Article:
For those of us who spend time thinking about art that is under-appreciated and valued, it is especially fulfilling to see the renewed focus on the work of Robert Colescott (1925-2009), one of the most significant American artists of the postwar period, but whose work has been virtually absent from public consciousness for some time now.
Colescott’s work had been a vibrant and consistent presence in the 1970s and well beyond—he was the first African-American artist to represent the United States at the Venice Biennale in 1997. He nonetheless seemed to have been somewhat marooned on the island of American regionalism.
This is one of those inefficiencies of timing and access. But now, with an exhibition of paintings by Colescott from the 1960s through 1980s at Blum & Poe in Los Angeles, it is made abundantly clear just how significant and great an artist he is (until 28 April).
While I have known and deeply respected Colescott’s work since I began in this field in the late 1970s, the show was a revelation for me. Born in Oakland, California, in 1925, Colescott was an African American man of light skin tone. In his art, he deals with skin and the stereotypes of race; with acceptable and appalling behaviors in society; opening the idea of color itself to reevaluation in far more complex ways than it had ever been addressed before.
He was a profoundly insightful artist who used the languages of satire and cartooning to address the ironies and nuances of identity, both in formal terms and in grappling with the histories of art and society.
Every detail has been thought through. What appears simple becomes quite complex the longer you look at a Colescott painting. Colescott made precise decisions about forms; the specific angle of lines; the abstraction of compositions; color; and especially in his later work, his quite brilliant brushwork, through which he renders many details absolutely exquisitely. All of this is somewhat hidden in plain sight—no doubt intentionally—in favor of the narrative messaging.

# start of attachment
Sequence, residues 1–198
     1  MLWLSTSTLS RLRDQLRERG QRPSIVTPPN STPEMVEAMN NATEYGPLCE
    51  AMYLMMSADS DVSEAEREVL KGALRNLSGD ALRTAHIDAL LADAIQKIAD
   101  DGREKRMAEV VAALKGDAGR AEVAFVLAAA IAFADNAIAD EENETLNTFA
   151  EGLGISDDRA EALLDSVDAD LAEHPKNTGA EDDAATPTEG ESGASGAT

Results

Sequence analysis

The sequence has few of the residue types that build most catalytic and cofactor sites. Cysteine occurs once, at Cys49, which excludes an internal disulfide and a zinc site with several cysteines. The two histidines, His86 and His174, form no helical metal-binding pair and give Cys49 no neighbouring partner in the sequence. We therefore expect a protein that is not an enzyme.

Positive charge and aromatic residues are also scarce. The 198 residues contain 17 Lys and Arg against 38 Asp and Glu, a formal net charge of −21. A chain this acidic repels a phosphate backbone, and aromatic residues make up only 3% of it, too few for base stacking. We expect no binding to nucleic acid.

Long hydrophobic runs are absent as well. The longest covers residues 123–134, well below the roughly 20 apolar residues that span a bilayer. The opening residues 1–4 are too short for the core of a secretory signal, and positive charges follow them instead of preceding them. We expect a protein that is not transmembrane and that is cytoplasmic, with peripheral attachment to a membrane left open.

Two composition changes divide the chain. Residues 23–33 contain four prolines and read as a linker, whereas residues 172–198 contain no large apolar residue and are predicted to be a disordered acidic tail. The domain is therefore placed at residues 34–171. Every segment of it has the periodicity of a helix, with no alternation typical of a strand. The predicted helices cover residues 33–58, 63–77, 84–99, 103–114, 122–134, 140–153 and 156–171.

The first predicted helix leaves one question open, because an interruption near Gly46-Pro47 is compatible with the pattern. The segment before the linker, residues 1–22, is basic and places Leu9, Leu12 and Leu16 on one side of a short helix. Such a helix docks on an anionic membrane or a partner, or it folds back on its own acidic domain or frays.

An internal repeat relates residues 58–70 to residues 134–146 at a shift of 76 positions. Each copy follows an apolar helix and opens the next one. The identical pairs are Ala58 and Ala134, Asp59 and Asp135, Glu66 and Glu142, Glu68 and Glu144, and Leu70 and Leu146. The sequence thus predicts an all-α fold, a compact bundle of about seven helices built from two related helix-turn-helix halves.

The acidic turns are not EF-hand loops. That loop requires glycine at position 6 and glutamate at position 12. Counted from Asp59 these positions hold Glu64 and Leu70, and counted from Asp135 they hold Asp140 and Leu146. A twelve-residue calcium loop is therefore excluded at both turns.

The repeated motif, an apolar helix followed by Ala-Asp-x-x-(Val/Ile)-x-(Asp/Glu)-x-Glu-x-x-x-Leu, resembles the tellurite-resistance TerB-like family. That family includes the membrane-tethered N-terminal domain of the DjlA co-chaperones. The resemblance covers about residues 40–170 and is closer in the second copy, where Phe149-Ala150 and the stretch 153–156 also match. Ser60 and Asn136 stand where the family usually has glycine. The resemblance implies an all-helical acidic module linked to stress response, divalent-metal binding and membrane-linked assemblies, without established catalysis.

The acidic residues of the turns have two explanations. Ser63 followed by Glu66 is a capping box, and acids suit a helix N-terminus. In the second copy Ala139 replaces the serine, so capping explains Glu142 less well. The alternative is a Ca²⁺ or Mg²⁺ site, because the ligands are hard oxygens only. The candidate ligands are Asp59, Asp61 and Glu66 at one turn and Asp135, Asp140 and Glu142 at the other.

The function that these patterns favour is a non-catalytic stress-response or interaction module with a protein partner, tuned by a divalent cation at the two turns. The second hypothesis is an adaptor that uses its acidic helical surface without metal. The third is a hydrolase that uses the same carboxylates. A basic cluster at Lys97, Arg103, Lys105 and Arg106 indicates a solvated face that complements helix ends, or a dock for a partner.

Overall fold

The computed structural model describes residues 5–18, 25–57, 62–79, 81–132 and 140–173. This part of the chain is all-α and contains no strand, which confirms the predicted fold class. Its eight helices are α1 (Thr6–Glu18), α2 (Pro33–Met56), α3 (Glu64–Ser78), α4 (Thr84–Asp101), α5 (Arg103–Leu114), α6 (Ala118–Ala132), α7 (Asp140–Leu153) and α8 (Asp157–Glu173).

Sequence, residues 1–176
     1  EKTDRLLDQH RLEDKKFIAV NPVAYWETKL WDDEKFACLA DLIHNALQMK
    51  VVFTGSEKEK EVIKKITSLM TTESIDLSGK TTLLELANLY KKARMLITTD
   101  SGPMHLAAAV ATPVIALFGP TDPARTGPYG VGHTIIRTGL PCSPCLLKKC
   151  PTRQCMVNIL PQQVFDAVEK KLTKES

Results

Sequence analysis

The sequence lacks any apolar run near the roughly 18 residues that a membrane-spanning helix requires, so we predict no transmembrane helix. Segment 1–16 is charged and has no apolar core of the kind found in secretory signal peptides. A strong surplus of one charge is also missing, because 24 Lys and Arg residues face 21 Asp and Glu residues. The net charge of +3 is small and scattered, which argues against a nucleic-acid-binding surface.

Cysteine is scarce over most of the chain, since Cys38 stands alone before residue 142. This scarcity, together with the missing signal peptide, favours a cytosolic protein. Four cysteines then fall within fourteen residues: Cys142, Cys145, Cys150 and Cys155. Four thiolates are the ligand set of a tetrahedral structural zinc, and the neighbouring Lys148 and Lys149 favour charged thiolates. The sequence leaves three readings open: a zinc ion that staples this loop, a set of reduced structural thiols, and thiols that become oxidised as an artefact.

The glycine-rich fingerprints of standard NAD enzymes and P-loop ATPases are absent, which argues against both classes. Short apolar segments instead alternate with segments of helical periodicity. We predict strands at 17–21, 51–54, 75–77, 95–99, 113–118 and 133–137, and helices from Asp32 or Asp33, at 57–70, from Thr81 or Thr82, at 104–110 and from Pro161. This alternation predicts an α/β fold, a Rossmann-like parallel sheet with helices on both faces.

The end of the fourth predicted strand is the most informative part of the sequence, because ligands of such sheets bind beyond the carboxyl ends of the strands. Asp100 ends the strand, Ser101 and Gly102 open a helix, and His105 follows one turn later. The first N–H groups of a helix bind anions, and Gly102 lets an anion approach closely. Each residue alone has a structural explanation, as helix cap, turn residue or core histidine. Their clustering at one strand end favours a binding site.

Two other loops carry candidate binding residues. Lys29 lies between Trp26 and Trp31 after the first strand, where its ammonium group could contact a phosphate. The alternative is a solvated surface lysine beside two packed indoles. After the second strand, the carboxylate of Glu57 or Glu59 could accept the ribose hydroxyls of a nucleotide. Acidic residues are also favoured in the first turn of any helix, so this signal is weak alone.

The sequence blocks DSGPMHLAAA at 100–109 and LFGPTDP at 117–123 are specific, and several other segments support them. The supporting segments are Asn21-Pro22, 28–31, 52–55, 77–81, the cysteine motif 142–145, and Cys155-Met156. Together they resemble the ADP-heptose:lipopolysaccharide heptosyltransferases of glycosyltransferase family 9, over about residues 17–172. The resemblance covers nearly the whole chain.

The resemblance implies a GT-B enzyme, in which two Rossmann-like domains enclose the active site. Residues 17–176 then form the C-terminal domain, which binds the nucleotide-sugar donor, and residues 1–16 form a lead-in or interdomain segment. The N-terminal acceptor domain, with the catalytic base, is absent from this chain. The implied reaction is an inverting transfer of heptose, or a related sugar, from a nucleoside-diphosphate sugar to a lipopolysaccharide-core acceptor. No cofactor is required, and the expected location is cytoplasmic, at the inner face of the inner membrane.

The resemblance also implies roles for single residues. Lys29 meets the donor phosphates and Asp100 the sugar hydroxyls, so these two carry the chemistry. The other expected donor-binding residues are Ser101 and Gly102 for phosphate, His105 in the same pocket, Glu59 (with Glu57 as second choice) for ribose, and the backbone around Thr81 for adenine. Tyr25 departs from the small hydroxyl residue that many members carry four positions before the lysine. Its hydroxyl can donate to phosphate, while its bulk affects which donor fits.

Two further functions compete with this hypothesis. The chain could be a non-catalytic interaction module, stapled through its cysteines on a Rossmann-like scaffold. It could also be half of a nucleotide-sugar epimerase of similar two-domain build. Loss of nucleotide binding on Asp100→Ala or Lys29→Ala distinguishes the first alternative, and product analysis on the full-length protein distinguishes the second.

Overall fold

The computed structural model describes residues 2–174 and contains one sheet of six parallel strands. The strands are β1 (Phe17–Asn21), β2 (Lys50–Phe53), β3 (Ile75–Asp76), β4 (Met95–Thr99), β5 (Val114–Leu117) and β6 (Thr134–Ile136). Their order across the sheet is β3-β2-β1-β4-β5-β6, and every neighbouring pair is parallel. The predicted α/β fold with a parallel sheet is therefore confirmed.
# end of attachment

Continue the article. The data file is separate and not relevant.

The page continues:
Colescott is best known for his paintings from the 1970s, which were send-ups of previous art historical hits, such as George Washington Carver Crossing the Delaware: Page from an American History Textbook (1975) or I Gets a Thrill Too When I Sees De Koo (1978), a simulation of a De Kooning woman with Aunt Jemima’s face plastered on like an African mask upon a Cubist woman. Colescott didn’t struggle with the position of a black artist in a white world so much as he rammed into it head-on.
At the same time, there is a complexity of execution and of painterly richness that becomes especially apparent later in his career. This exhibition includes a series of paintings from the mid-1980s that are based on familiar art-historical subjects or stories, recast by race and intentionally distorted, figuratively-speaking. Take The Emperor at the Bather’s Pool (1985), in which black women—who appear to have stepped out of Picasso’s Les Demoiselles d’Avignon (1907)—reside sovereign and strong.
The interrelationship between black and white becomes even richer in these later works in several ways: the expression of societal presupposition; the nature of the birth of culture (it is not irrelevant that Colescott lived in Egypt for a number of years in the 1960s); and in terms of his own consciousness of his skin color, and the seeping tones of his subjects.
Colescott is so significant: how is it that he has gone completely unnoticed by a younger generation of collectors and historians who have been exploring this terrain of artists of African descent in an art history written by white practitioners serving white patrons? Influences of his work can be traced through a lineage of African American artists as diverse as Kerry James Marshall and Glenn Ligon. But this oversight is not limited to race: his impact is equally important in how we think about the ways in which the feminists of the 1970s transitioned from a male-written language of art towards one that better defined women and their views of the world; or Latin American Pop, which worked through a mainstream style in order to address content that was otherwise dangerous to communicate publicly; to Bay Area Figuration; artists ranging from R Crumb to William T Wiley and Joan Brown; as well as the Chicago Imagists such as Jim Nutt, Karl Wirsum and Roger Brown.
It seems inevitable that, even though Colescott is just being introduced to a new audience—one focused on issues of identity like no generation before—our understanding of the historical course of art will expand to give him his rightful position.
Every argument or discussion is laid out in his work, decades before they become the focus of our contemporary audience and the market. At the same time, he was one of the few African American artists of his generation who fit so nimbly into the mainstream of non-mainstream art of the time. Today, there are no limits to the extent to which his work explores what it means to be American.